[This post was originally published, in slightly different forms, on the author’s personal blog on 23 January 2017. With many thanks to Julia Molinari; I borrowed a line from her tweet for this version’s title].
As the new year and the new academic term get under way, I find myself thinking again of the implications of the ‘Virtual Learning Environment’ (Moodle in our case). As an exercise in reflective practice, I share the following notes from a personal perspective as a lecturer.
Some of you may be more familiar with the term ‘Learning Management System’ (Wikipedia definition here). Jisc defines ‘VLE’ as ‘a means to structure, manage and deliver learning activities and content. They are recognised as having strengths in student tracking and managing online assessments’ (‘Virtual learning environment’, 12 February 2016; my emphasis). An Oxford University Press resource defines it as ‘a system for delivering learning materials to students via the web. These systems include assessment, student tracking, collaboration and communication tools’ (‘Learn about Virtual Learning Environment/Course Management System content’, 2016; my emphasis).
I am interested in the cultural assumptions behind the design of educational tools, in relation to how much time and labour they require to be customised successfully and effectively. When design enables function customisation, the assumption is that (most or some) users will need, want and be able to use those features accordingly. On Moodle, one thing is to merely drag and drop files onto a module, something else is to upload files adding relevant accurate metadata, attributes following accessibility guidelines, being mindful of licensing, customising for different cohort(s), permissions, roles and particular needs, etc. If you add up enabling and using the collaboration and communication tools to your module, as well as any other ‘blocks’ we may want to add (widgets for reference managers for example), things get even more time-consuming. And if you add to that the fact that often notifications from message boards or submission areas are often forced subscriptions, with few users knowing it’s up to them to unsubscribe, the email workload added by the VLE is significant.
Under ideal circumstances the VLE can no doubt considerably enhance the learning that is supposed to take place during the classroom lecture. However, those ‘ideal’ circumstances are by definition not pragmatic ones and therefore it requires unusual effort to craft a successful and efficient VLE module. The result is that often VLEs are mostly used as file repositories. This means that rather than enhancement, what he have is a complement, an appendix, at best, a box of tools (those tools assist in functions, such as marking and feedback, that could be performed elsewhere or through different means). Apart from course documentation, the standard files in these ‘repositories’ are normally PowerPoint or PDF files of the material shown or discussed during the weekly lectures. Given the current circumstances, using the VLE as a file repository, rather than as a proper ‘environment’, is a reasonable and pragmatic solution. Less is often more when setting up pages for courses.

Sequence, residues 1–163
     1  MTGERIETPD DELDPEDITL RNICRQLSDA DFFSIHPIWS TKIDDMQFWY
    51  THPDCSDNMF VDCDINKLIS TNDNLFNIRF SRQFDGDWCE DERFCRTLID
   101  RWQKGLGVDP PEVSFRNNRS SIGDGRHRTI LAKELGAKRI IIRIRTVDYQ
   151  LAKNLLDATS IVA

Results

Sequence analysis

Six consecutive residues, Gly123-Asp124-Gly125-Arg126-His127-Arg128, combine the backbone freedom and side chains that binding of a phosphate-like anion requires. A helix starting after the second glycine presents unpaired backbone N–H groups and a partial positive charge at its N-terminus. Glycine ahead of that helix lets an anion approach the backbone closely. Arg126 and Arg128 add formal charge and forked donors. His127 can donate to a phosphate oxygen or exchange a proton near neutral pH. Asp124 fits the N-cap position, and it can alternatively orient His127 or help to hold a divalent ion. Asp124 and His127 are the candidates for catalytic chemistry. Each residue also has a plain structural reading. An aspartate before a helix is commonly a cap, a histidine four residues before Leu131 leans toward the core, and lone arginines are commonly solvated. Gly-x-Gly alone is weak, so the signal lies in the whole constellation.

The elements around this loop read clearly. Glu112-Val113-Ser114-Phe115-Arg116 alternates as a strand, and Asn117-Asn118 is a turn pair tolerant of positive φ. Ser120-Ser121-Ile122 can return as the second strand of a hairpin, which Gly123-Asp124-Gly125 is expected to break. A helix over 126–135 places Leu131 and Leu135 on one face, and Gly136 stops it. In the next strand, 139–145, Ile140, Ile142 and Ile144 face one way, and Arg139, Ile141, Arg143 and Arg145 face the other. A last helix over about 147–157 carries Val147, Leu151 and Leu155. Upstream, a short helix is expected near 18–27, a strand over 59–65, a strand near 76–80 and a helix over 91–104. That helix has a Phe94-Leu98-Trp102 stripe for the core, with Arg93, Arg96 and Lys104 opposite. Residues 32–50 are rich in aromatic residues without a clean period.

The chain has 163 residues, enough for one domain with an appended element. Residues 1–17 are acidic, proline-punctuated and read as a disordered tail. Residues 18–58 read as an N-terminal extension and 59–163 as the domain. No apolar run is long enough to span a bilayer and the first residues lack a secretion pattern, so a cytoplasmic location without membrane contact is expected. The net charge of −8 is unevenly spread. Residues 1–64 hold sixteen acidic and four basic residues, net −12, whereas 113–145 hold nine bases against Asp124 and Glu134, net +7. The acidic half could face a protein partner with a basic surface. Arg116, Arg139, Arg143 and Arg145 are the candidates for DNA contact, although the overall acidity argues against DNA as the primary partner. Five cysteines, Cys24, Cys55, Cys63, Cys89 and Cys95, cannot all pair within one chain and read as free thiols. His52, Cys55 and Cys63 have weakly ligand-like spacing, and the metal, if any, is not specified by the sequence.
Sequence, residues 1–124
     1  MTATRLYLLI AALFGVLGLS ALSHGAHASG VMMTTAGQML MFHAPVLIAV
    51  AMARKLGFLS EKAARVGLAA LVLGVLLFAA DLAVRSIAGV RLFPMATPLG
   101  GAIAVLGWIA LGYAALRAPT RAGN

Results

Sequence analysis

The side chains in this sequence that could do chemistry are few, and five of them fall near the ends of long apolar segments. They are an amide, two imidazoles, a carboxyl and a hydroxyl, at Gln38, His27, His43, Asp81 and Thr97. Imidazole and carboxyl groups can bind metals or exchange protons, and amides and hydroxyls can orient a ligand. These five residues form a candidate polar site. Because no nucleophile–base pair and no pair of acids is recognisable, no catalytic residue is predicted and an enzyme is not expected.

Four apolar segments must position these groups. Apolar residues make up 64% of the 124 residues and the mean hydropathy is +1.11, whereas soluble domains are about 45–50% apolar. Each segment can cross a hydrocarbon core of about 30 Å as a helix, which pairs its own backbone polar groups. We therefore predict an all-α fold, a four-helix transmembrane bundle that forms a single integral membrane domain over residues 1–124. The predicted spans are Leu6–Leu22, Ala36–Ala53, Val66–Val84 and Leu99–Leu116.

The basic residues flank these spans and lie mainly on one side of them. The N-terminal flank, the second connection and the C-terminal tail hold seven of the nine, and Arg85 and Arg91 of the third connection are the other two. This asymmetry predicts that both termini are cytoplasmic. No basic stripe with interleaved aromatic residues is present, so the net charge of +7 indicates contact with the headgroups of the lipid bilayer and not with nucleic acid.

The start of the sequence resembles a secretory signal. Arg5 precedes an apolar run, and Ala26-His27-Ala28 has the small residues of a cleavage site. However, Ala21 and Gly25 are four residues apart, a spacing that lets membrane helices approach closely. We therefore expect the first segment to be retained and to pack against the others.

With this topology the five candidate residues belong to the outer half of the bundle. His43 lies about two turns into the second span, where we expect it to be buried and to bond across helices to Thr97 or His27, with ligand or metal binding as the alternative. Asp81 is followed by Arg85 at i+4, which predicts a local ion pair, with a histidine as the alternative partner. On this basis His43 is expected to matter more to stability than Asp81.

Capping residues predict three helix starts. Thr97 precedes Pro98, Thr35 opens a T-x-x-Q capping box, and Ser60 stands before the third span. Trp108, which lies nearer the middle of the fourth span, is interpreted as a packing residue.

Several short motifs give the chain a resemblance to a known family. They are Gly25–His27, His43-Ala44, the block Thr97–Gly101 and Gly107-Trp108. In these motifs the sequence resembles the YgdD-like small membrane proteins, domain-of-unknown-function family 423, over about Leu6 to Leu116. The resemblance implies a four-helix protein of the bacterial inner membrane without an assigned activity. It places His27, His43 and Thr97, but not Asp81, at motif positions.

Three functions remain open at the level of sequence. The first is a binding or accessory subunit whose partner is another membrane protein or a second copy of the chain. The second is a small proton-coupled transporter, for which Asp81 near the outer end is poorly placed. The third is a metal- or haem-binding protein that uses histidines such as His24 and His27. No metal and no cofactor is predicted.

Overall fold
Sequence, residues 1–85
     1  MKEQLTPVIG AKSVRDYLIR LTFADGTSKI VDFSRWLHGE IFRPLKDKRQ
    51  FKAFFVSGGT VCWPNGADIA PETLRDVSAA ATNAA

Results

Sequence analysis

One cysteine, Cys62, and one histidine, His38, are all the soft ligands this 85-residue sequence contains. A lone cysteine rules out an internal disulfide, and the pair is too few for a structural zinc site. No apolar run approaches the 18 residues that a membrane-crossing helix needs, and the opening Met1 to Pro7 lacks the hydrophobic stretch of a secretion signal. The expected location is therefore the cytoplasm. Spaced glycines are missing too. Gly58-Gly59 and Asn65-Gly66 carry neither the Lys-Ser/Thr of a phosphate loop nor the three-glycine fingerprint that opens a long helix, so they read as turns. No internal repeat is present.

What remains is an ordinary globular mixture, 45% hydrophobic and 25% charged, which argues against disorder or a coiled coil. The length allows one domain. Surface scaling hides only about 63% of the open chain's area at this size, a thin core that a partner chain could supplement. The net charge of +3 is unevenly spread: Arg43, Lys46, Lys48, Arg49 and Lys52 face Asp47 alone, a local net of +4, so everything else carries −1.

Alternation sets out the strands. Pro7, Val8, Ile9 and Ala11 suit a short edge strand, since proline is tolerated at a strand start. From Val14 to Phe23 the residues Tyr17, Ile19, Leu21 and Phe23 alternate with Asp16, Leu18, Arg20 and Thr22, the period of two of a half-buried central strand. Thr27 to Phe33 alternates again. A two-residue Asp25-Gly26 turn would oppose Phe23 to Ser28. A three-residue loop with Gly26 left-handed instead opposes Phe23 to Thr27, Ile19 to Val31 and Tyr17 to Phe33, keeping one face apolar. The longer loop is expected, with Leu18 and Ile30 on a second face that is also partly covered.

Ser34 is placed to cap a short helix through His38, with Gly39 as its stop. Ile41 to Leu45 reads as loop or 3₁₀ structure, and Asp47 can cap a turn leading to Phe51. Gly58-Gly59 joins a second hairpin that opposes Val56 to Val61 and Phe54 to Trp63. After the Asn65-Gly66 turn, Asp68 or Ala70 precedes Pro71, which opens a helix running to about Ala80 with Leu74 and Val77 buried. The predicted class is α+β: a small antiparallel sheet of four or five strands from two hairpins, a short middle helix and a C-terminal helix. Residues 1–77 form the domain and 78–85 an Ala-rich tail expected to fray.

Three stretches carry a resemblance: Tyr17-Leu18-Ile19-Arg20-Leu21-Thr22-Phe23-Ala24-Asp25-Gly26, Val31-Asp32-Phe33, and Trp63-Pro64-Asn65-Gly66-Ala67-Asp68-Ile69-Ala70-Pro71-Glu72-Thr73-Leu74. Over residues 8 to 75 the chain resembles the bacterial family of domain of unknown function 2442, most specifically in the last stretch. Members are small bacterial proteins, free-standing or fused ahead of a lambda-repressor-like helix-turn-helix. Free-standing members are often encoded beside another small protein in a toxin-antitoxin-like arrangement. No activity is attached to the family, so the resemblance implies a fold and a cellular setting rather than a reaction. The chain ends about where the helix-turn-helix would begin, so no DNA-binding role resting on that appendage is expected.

My concern is that there is a growing gulf between educational technology (a field for which I have great admiration and respect) and the pragmatic conditions of teaching preparation, pastoral care and the actual lecture. Even the simplest of customisations can take valuable hours: on Moodle, there’s no such thing as ‘frictionless’ editing… every item takes at least 3 if not 4 clicks to edit. Between the idea and the reality falls the shadow, wrote the poet. (For an important discussion of how VLEs or LMS fit within infrastructures and social systems, I recommend this 2009 post by David Jones).
Something else that interests me are the cultural consequences of administrative and pedagogical decisions/requirements to use the VLE, and the behaviour and expectations the VLE contributes to develop in students. The VLE, even when used at its most reduced capability, is not merely a tool. It should be commonplace now to say the VLE, as technology, is never neutral. The mere existence of a VLE creates demands and expectations, develops situations and defines behaviour and culture. (This is why it is called an ‘environment’). Because it has been implemented and has been normalised as what must be used, even an unused or seldom-used VLE is doing things. The environment, indeed, defines us and the way we relate to each other.
I believe we have given too much importance to the VLE, and as a sector, those of us in UK Higher Education using VLEs as the centre of student learning interaction have contributed to creating a culture where programmes, syllabi, subjects, topics, disciplines and approaches are ‘sites’, places that can be entered in and exited, services where students are supposed to find everything they need. Real learning does not happen like this, and we all know it, including our students. There will never be a single place or single person that will deliver everything for you. One learns this.